LAS VEGAS (KLAS) — A recent report outlined how Hispanic workers continue to experience a shortage of good jobs.
Although they tend to have a high employment rate across the U.S., certain nationalities tend to have a wage gap when it comes to gender and ethnicity.
Maria Castro recently began working at a restaurant near Desert Inn and Valley View.
“I was a little bit scared because it was different,” she said. “Before I worked for 15 years at a different restaurant and it was bad. This is new for me but I’m really happy.”
She told 8 News Now her job is a new opportunity and also came with a higher wage.
According to a recent report from the Center For American Progress, Hispanic workers, particularly those from Mexico, Guatemala, Honduras, and El Salvador face the largest pay gaps compared to non-Hispanics working in those fields.
Restaurant owner Eduardo Gonzalez said offering competitive wages to employees is hard for small businesses but he said it’s necessary to keep the staff from walking out.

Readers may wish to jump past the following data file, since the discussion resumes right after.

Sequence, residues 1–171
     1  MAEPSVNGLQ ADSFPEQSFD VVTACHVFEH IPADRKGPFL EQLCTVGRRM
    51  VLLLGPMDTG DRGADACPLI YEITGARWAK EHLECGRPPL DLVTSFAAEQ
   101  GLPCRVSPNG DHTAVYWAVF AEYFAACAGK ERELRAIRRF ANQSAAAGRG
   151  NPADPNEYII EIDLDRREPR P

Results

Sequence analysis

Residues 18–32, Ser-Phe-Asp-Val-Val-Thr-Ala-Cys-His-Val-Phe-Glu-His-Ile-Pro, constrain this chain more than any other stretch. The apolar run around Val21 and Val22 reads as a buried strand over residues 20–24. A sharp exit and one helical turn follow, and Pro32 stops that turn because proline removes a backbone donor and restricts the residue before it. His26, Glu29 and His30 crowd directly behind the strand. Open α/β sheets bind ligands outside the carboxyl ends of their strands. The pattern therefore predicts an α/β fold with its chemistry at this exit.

“I always try to look around and see what the average salary is with competitors,” Gonzalez added. “If the employee is good, I’m not going to pay right away $20 an hour. If they show their work I can pay them higher because I want to keep a good employee than be switching employees every two weeks,”
Latino communities were one of the hardest hit by the COVID-19 pandemic according to the report.
It also states those with darker skin said they faced discrimination and had a steeper climb to the middle class.
Castro told 8 News Now she disagrees and said it’s all about working hard to get ahead.
“There is a lot of work everywhere. If you want to work, come and try,” she added.
In the U.S. there are more than 60 million Latinos mainly Mexicans, Puerto Ricans, and Cubans which is similar to the breakdown of nationalities in Southern Nevada.